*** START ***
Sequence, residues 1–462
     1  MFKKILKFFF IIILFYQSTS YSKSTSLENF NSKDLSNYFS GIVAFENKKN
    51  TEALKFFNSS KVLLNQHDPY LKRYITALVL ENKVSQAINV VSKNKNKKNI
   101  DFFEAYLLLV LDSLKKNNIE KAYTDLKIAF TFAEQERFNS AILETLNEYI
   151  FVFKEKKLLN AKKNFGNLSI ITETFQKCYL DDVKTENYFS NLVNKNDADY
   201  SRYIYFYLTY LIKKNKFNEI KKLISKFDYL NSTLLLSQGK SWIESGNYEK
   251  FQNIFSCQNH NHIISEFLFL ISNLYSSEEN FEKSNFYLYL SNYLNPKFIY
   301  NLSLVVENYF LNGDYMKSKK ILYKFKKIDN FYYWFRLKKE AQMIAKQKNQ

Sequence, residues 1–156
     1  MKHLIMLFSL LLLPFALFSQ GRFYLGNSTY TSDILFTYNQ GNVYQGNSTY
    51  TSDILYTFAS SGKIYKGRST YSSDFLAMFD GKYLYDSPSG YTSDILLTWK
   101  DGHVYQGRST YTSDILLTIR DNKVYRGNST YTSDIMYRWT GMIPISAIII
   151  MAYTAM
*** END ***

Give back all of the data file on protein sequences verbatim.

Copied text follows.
Sequence, residues 1–462
     1  MFKKILKFFF IIILFYQSTS YSKSTSLENF NSKDLSNYFS GIVAFENKKN
    51  TEALKFFNSS KVLLNQHDPY LKRYITALVL ENKVSQAINV VSKNKNKKNI
   101  DFFEAYLLLV LDSLKKNNIE KAYTDLKIAF TFAEQERFNS AILETLNEYI
   151  FVFKEKKLLN AKKNFGNLSI ITETFQKCYL DDVKTENYFS NLVNKNDADY
   201  SRYIYFYLTY LIKKNKFNEI KKLISKFDYL NSTLLLSQGK SWIESGNYEK
   251  FQNIFSCQNH NHIISEFLFL ISNLYSSEEN FEKSNFYLYL SNYLNPKFIY
   301  NLSLVVENYF LNGDYMKSKK ILYKFKKIDN FYYWFRLKKE AQMIAKQKNQ

Sequence, residues 1–156
     1  MKHLIMLFSL LLLPFALFSQ GRFYLGNSTY TSDILFTYNQ GNVYQGNSTY
    51  TSDILYTFAS SGKIYKGRST YSSDFLAMFD GKYLYDSPSG YTSDILLTWK
   101  DGHVYQGRST YTSDILLTIR DNKVYRGNST YTSDIMYRWT GMIPISAIII
   151  MAYTAM